Private space pioneers: We’re inheritors of Apollo legacy

This is a rendering of XCOR Aerospace's Lynx, which would be used to send people on suborbital spaceflights.
Richard Garriott had more reason than most to dream the Apollo moon landings would rapidly expand space travel. His father was a NASA astronaut, as were many of his neighbors near Texas’ Johnson Space Center.

With nearly all of humanity still on Earth nearly four decades later, the computer game developer paid $35 million for a ride aboard a Russian Soyuz spacecraft to the international space station. “Flight to space is an entire series of pinnacle life experiences,” said Garriott, a 48-year-old board member of Space Adventures, the company that arranged his 12-day trip last year. “The view of the Earth is life changing.” Garriott believes the United States hasn’t fulfilled the promise of the Apollo program yet. “It was an assumed future that we’d all go to space [by now],” he said. “That hasn’t come to pass, and it’s created this interesting evolution of spaceflight right now.” That evolution involves the privatization of space, and although the prospect of a spacecraft in every garage isn’t near, a few private firms are getting close to manned, commercial spaceflight. Some companies, such as Virgin Galactic, aim to sell suborbital flights — high enough to reach the edges of space and weightlessness — within the next few years. The flights have varied purposes, including tourism and science experiments. A Nevada company hopes to sell habitable space stations where paying clients would conduct scientific research. Two relatively new U.S. aerospace companies were hired last year by NASA to send unmanned cargo to the international space station. NASA plans to retire the space shuttle at the end of 2010 and wouldn’t be able to send crews to the space station for at least several years after that. “I really view us and the private sector as the spiritual inheritors of Apollo,” said Mike Gold, director of the Washington office of Bigelow Aerospace, the company developing the commercial space stations.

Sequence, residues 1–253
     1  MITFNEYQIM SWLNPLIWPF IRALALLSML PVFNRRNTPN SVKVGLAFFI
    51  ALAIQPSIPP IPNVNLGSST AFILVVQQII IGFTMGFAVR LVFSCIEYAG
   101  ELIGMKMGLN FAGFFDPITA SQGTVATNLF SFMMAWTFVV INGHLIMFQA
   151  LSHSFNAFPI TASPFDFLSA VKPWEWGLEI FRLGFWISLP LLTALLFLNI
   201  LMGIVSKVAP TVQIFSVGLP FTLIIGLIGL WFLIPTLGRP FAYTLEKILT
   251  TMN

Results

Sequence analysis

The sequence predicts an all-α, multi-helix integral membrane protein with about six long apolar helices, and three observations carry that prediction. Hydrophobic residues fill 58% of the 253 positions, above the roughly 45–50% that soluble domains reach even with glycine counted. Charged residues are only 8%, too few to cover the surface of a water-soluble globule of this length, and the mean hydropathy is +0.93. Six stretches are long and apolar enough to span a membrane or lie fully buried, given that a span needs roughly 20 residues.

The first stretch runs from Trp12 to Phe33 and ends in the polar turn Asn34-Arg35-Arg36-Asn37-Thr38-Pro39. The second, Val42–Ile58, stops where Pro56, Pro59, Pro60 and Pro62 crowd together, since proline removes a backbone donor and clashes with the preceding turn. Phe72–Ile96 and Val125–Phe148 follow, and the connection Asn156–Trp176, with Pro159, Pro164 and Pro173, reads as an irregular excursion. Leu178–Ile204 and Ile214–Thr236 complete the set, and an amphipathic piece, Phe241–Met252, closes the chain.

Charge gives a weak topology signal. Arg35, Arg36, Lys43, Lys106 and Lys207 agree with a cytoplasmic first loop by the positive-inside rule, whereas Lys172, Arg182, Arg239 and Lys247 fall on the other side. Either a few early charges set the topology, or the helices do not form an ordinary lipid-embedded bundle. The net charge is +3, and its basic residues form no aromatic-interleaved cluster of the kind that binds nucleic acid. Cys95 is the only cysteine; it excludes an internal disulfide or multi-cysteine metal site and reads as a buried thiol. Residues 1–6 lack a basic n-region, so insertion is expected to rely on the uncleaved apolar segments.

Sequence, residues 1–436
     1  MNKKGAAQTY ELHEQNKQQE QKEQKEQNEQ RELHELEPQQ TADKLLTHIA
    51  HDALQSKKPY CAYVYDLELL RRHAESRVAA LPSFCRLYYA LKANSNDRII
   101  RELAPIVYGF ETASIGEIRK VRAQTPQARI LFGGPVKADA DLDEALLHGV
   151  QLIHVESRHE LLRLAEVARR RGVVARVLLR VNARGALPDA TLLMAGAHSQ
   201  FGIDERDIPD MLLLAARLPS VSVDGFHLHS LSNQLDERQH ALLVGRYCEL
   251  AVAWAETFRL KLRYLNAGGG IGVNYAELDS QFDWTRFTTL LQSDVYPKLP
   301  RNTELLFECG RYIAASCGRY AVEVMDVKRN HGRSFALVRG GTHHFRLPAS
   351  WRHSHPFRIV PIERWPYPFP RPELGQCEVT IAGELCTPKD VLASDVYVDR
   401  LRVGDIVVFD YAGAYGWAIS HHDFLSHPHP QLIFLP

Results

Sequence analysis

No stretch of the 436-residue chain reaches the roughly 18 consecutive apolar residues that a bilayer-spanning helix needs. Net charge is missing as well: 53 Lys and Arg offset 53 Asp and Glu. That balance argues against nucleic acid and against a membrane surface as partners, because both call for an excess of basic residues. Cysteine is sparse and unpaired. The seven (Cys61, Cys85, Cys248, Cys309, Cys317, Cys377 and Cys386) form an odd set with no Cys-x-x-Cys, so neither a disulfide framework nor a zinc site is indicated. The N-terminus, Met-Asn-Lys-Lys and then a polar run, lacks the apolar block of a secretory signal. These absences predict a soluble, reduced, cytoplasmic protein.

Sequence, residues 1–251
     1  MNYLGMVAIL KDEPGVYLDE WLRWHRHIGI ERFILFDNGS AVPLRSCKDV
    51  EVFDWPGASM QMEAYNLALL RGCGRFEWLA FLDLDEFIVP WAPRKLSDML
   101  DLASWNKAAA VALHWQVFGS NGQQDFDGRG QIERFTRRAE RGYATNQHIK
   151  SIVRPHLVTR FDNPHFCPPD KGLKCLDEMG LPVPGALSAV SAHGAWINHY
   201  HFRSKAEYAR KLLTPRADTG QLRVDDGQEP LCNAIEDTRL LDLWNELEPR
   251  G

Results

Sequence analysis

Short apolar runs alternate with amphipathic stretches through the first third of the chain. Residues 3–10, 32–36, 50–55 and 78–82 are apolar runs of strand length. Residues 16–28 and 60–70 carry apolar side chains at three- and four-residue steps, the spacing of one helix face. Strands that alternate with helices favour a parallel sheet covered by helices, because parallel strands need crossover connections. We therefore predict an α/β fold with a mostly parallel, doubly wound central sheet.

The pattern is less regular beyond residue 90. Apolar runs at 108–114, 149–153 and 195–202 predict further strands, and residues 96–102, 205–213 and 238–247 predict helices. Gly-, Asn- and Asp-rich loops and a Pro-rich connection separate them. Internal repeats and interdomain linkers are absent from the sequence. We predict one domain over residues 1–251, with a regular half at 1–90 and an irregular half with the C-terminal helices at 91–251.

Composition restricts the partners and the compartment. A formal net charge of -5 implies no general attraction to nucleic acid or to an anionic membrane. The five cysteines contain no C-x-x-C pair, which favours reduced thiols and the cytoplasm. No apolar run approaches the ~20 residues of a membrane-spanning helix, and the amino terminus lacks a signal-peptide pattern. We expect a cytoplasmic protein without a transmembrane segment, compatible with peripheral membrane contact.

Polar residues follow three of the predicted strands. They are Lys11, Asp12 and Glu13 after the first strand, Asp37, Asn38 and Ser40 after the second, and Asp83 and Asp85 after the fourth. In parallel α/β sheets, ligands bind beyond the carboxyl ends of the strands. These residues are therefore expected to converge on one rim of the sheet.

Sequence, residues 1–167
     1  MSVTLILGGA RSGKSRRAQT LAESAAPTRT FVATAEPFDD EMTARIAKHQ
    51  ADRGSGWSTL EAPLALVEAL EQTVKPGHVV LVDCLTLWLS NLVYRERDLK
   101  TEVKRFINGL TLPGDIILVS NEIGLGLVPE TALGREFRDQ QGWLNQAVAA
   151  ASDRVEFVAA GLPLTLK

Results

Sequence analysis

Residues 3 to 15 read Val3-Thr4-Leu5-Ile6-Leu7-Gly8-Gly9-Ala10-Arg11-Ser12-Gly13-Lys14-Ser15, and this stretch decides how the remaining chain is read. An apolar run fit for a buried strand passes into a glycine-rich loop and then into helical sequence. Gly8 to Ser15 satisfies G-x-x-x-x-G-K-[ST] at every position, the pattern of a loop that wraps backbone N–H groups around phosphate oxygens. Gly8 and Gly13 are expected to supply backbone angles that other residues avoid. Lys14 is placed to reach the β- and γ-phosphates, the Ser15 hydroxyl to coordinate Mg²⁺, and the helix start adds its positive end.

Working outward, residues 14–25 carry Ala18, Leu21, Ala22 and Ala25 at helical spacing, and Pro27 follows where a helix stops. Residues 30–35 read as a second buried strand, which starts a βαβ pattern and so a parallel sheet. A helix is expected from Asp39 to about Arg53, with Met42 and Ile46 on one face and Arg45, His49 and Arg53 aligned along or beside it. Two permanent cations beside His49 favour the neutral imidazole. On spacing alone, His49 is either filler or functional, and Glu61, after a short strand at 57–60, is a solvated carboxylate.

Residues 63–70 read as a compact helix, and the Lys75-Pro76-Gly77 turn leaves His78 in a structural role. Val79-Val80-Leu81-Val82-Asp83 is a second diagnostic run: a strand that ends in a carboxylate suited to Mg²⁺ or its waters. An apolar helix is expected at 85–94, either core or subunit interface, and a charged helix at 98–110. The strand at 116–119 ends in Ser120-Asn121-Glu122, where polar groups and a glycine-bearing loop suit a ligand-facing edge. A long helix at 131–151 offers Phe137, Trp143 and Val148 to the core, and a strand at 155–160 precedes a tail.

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Suborbital flights: Thrills and experiments now, orbit later One group preparing to sell suborbital flights is Virgin Galactic, whose parent company is partnering with California-based Scaled Composites to develop SpaceShipTwo, the successor to 2004’s Ansari X Prize-winning SpaceShipOne. Space tourists will pay Virgin $200,000 each for training and a 2.5-hour flight to the edge of space and back. About 300 people have paid at least the majority of the fee to reserve the first flights, and about 80,000 others have registered interest, said Stephen Attenborough, Virgin Galactic’s commercial director. The spaceship, which will carry six passengers and be based in New Mexico, will be hoisted by a carrier craft to 50,000 feet before blasting on its own to suborbit, where passengers will float weightless about the cabin and see space and the Earth through large windows. The craft will land on a runway and be reused. The carrier craft is being flight tested, and SpaceShipTwo’s flight tests are expected to begin at the end of this year, Attenborough said. With 20 to 30 test spaceflights expected, it could be 18 months to two years before it’s ready commercially, he said. Tourism isn’t the only planned use. The craft could be modified to launch microsatellites, and Virgin hopes to sell flights to agencies for microgravity or atmospheric experiments. “To be able to have something like SpaceCraftTwo to put scientists in space … at a relatively low cost, it’s transforming for science,” Attenborough said. California’s XCOR Aerospace also is developing a reusable vehicle that will take a pilot and a front-seat customer to the edge of space — for pleasure or to transport scientific payloads that would benefit from microgravity. XCOR’s Lynx, roughly the size of a small airplane, will take off and land on a runway and propel itself with liquid-fuel engines. Sales agent RocketShip Tours is selling one-hour Lynx rides plus training for $95,000 a person. Initially launching from Mojave, California, participants will get a view from the edge of space for several minutes and briefly experience weightlessness. Test flights may begin by the end of 2010, and testing would take at least a year, CEO Jeff Greason said. A second, expendable stage may be added to launch nanosatellites, he said. Like other suborbital providers, XCOR eventually wants to develop an orbital vehicle. The Lynx is a technical pathfinder to that — something that could make money and prove the reliability and safety of the technology. “There’s a market for people in orbit if the price is low enough,” Greason said. “There’s more work to do [in orbit], including people flying to be a laborer to work on somebody’s widget or experiment.” Where were you during the moon landing Commercial, habitable space stations Getting people to orbit is exactly what Bigelow Aerospace needs to sell its space stations. Bigelow is developing expandable space habitats with a flexible-fabric shell. They would be compressed in a capsule for launch and expand upon deployment. Bigelow primarily sees the habitats as destinations for research scientists and astronauts — particularly those from countries that haven’t used the international space station as much as they’d like or nations making their first steps into space, Gold said. The space station’s own future is in doubt, with a NASA space station program manager recently telling a public hearing that NASA currently plans to de-orbit the station in 2016, according to The Washington Post. Affordable microgravity research can help manufacturers make new material for things such as supercomputers and buildings, Gold said. Bigelow — founded and financed by hotel chain owner Robert Bigelow — put two subscale, uninhabited models in orbit in 2006 and 2007 through a Russian/Ukrainian launch provider. It eventually aims to develop a full habitat that can support up to eight people. But it won’t launch the habitat without a way to transport people there. Gold, Garriott and others in the private sector say they hope NASA can be persuaded to invest in, and eventually hire, aerospace companies to deliver NASA astronauts to low-Earth orbit instead of using its own spacecraft. In such a scenario, the companies would also get to sell their shuttle services to other private-sector customers. That would increase launch rates and lower costs for NASA and the private sector, they said. NASA did not respond to a request for comment. Putting people into orbit One company that may wish to help is Space Exploration Technologies (SpaceX), one of two firms NASA hired to send unmanned cargo to the international space station after the shuttle’s planned retirement. SpaceX, founded and financed by PayPal founder Elon Musk, received money from NASA to develop its spacecraft. Last year, the California company was awarded a NASA contract for 12 supply flights from roughly 2011 to 2015. SpaceX will use its Falcon 9 rocket topped by its Dragon capsule, which would carry the cargo. The rocket’s first test flight should be later this year, said Larry Williams, SpaceX’s vice president for strategic relations. Three demonstration flights with the Dragon would follow, starting perhaps in early 2010, with the Dragon docking with the space station on the third trip. NASA does have an option to fund a version of the Dragon that can transport astronauts, and SpaceX is eager to do that. However, NASA hasn’t executed the option, Williams said. With the global economic downturn, one might think developing space products and finding customers would be difficult. But people in the industry — especially those working for companies founded by businessmen with large fortunes — say they’ll be fine in the long term. “Our industry is still hiring engineers, whereas most industries are laying people off,” said John Gedmark, executive director of the industry group Commercial Spaceflight Federation. “The investors putting money behind these ventures are personally committed.”